Heritage value also comes from the contribution of the sisters of the Congregation de Notre-Dame through the wide range of societies and movements they helped to initiate: societies such as Saints-Anges Gardiens, Saint-Enfant-Jésus, and Enfants de Marie, and movements such as Croisade Eucharistique, Jeunesse en marche, Jeunesse Étudiante Catholique, Cercle Sainte-Jeanne d’Arc, Cercle Missionnaire, Guides, Jeannettes, and Joyeux Copains.
Description: The Forge is a public park located at the corner of Principale Street and Côté Nord Road in Saint-Louis-de-Kent. The site is currently known as "Le parc des forgerons".
Heritage Value: The Forge is designated a local historic place for its importance in marking the place where the last blacksmith shops in the village operated.
The Forge is recognized for its association with many industries in the community's history. All trades needed, at one time or another, to call on the services of the blacksmith. Whether is was the farmer who needed horses shoed or his agricultural equipment repaired, the fisherman who needed an anchor or chain mesh for his boat or the lumberjack who needed to build a log lead or a machine to load logs, it was the blacksmith who could reproduce or create the desired part from simple shank or a piece of iron. Its strategic location near the bridge entering the village, the main thoroughfare and agricultural lands made it accessible to all in the region who needed blacksmithing services. A potential for archaeological resources exists relating to the history of the blacksmith trade on this site since the beginning of the 20th century.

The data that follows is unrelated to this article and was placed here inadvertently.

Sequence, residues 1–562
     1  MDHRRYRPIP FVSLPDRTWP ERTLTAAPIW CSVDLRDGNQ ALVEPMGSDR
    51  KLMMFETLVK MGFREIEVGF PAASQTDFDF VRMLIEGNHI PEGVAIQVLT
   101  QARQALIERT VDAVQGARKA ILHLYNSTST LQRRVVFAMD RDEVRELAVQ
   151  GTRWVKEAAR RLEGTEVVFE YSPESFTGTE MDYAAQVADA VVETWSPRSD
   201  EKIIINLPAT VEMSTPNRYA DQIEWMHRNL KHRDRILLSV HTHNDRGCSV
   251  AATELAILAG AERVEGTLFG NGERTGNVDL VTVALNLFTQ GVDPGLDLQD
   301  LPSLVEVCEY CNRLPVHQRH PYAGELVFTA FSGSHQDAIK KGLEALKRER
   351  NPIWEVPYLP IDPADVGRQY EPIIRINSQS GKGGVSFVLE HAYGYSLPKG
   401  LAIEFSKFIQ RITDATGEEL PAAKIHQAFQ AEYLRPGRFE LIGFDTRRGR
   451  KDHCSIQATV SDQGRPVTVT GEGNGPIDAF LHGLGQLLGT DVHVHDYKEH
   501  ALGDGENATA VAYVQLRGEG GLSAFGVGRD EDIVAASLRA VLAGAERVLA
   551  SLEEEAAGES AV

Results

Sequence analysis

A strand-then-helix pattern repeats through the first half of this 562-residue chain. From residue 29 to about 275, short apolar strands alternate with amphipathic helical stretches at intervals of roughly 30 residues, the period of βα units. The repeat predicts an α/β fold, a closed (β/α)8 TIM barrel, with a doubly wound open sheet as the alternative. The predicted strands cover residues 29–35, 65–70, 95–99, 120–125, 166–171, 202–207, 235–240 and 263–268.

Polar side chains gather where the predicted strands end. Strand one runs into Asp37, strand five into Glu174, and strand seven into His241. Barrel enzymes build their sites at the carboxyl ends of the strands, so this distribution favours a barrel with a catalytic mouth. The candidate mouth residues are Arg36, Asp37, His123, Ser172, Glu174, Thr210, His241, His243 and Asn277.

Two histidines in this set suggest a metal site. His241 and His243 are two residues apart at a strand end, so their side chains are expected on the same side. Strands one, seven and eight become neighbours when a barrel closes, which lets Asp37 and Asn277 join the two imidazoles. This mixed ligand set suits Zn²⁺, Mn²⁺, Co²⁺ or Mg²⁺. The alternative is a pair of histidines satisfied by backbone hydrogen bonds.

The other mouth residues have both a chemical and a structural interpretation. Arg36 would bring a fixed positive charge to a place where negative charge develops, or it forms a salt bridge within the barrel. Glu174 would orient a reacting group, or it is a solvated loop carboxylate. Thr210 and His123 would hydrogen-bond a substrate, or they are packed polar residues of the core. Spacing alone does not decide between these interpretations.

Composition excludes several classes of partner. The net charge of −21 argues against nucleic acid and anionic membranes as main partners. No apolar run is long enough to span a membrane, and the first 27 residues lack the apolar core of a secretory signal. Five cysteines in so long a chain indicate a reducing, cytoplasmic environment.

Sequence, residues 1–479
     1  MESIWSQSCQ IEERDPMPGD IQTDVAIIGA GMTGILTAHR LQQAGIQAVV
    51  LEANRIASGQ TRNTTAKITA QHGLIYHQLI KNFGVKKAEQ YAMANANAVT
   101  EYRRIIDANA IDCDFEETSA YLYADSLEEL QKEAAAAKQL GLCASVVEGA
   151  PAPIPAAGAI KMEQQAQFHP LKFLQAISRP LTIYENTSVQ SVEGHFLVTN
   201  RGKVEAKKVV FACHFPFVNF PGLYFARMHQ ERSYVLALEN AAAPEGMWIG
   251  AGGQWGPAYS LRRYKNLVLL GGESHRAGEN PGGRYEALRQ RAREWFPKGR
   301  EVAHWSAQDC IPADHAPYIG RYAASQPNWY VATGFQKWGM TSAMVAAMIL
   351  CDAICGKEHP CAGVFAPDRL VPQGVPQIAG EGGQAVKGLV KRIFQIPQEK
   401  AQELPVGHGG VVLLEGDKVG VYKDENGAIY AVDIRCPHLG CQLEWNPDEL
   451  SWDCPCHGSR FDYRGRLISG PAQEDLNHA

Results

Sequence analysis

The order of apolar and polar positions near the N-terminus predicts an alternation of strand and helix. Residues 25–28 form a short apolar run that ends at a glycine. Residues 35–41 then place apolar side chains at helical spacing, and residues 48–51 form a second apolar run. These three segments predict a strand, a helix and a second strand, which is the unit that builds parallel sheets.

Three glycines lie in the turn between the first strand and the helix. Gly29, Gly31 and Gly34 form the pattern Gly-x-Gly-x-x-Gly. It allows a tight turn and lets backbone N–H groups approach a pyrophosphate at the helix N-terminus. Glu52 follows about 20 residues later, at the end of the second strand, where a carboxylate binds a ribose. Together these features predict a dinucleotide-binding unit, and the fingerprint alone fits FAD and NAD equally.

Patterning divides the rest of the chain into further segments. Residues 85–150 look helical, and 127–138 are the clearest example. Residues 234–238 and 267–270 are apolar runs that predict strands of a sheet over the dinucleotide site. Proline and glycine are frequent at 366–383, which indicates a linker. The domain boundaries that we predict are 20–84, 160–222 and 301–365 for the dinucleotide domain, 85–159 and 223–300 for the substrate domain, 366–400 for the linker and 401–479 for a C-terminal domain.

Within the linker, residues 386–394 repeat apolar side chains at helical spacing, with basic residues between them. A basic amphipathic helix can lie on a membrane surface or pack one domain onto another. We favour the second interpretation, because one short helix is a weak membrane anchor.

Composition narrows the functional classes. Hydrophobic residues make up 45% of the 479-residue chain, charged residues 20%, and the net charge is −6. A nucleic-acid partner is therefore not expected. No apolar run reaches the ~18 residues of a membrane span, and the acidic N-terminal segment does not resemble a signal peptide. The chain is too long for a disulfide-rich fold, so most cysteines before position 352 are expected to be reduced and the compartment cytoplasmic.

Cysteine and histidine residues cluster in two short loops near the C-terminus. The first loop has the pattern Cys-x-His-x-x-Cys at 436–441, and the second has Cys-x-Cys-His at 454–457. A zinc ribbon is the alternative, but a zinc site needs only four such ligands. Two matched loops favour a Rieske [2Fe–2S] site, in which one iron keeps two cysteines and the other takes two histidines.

The heritage value of The Forge is also related to the social aspect of the trade. All of the villagers would stop at the blacksmith from time to time to give and receive recent news. Tradesmen would chat amongst themselves while waiting for their tools or equipment to be ready, while others simply stopped for conversation with those who were waiting. School children often lingered here after classes, especially when a horse was being shoed.
Today, the site serves as "Le parc des forgerons", a commemorative park that evokes for the townspeople the importance of the former blacksmith trade in the town.